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Ep. 48 – How much exercise is enough to reduce risk of disease?

This episode continues the thought from our last episodeon exercise. We’re looking at exercise that can reduce our risk of cardiovascular disease and cancer. How much is enough to be reduce that risk? Dr. Chet Zelasko explores this topic on this edition of Straight Talk on Health.

Welcome to Straight Talk on Health. I’m your host Dr. Chet Zelasko. Straight Talk on Health is a joint production with WGVU in Grand Rapids MI. I examine the world of health. Whether it’s research that makes the news, another miracle diet, or a new food fad, I look at the science behind them, and let you know whether it’s real or not. You can check out other things that I do on my website Drchet.com and sign up for my free emails.

On the last podcast, I covered a study that demonstrated that isometric exercise may be associated with lower systolic blood pressure (BP). Even though I covered the reasons for it from a physiological perspective, it still surprised me. The objective of this podcast is to examine the minimal amounts of exercise that have been associated with reducing the risk of cardiovascular mortality and the risk of cancer morbidity.

In case I haven't covered it recently, mortality is the death rate while morbidity is the sickness or disease rate. There are several cancers that are associated with sedentary living. The objective is to find just the right amount of exercise that can reduce the risk of developing those cancers. It goes without question that more can be better but in that 80% of the people don't exercise enough to do themselves any good come on we're trying to establish the minimal amount that may benefit reducing the risk of getting sick and dying. Let’s look at studies on exercise that can benefit your cardio vascular system in less time per day and can include the steps we may take in all physical activity.

The typical recommendation for aerobic exercise is 10,000 steps per day. Many scientists have examined that number for years to find the research on what it was based. Turns out that it was based more on marketing than on science. A Japanese company came up with the idea that we need to walk 10,000 steps a day. While completely made up, it has stood as the standard for years—until recently. Several studies have shown the actual amount may be between 4,000 and 7,000 steps per day. The next study help quantify it according to our minimalist approach

In a recently published study, researchers included data from 17 studies and over 225,000 subjects. They tracked the subjects for just over seven years to find out all-cause mortality and cardiovascular disease mortality. One more thing: the physical activity data were collected electronically as opposed to relying on some sort of mechanical device that underestimates or overestimates steps per day. They collected data from a variety of studies that all used electronic data tracking.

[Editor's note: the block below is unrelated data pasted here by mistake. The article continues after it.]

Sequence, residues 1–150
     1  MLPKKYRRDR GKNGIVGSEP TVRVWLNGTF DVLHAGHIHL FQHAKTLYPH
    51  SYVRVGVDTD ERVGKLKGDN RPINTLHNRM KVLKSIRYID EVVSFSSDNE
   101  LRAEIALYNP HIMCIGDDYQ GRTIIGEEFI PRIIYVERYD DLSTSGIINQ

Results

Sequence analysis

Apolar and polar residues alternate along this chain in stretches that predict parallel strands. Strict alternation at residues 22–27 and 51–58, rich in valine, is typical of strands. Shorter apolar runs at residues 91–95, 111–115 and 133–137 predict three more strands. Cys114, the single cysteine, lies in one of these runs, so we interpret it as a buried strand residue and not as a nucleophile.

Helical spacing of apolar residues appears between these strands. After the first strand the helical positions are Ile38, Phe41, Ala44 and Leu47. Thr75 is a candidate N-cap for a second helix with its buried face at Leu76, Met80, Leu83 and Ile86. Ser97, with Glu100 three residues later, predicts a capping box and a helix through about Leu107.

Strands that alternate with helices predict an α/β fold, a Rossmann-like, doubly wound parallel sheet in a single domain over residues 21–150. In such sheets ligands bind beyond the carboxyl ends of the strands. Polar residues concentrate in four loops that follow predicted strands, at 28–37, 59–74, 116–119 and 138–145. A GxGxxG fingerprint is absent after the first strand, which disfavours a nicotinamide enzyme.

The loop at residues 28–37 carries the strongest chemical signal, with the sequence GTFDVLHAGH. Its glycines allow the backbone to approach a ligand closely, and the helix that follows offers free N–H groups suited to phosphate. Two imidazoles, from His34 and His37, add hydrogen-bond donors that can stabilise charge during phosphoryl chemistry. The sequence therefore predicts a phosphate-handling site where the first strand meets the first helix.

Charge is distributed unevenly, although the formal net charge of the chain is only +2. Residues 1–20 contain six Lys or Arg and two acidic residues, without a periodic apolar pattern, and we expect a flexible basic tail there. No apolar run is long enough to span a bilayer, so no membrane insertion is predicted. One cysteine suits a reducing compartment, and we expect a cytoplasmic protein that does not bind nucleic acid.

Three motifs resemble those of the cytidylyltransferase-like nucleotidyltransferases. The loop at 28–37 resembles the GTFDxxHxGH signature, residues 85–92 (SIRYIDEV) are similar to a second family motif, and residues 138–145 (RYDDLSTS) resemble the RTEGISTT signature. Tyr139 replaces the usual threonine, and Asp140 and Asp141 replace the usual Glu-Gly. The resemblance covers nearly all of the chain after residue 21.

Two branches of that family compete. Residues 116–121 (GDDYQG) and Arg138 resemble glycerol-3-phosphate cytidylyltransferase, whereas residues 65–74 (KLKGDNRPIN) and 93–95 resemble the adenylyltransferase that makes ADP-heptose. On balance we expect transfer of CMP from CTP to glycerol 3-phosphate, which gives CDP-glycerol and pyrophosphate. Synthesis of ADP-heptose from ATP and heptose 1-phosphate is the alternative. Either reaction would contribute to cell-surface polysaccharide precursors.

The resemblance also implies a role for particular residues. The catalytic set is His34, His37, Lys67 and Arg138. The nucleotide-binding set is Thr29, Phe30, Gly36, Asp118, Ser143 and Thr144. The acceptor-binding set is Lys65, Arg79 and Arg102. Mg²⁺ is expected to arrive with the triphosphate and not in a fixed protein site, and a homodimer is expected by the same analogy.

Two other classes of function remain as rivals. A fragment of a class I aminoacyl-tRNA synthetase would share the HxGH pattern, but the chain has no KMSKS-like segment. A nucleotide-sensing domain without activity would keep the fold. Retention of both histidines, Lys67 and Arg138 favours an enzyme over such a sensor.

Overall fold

After using meta-analysis, the researchers used 3,900 steps per day as a baseline for the median risk of mortality. For every 500 additional steps per day, the mortality risk decreased 7% and for every thousand additional steps per day it decreased 15%. As the number of steps increased, the cardiovascular and all-cause mortality risk decreased until about 12,000 steps where it leveled off.

Going with our theme of doing just enough to reduce our mortality rate, it would seem that 4,000 steps per day, whether as part of your regular day or in addition to your everyday activity, gives a baseline of protection.

What about time? What if we just don’t even have the time to just do 4000 steps per day? We’re going to switch from mortality to morbidity. In this next study, the objective is to reduce the risk of getting one of thirteen types of cancer that are associated with sedentary living. Those cancers include colon, breast, endometrial, kidney, myeloma, liver, and non-Hodgkin lymphoma. This study was interesting for all kinds of reasons but mostly because they specifically looked at subjects who claimed they didn’t exercise regularly. The data were part of a sub-study of subjects that included the aforementioned wrist accelerometry data. The participants reported no leisure time exercise and one or fewer recreational walks per week. However, to be sure, they used a 7-day trial of wearing an accelerometer.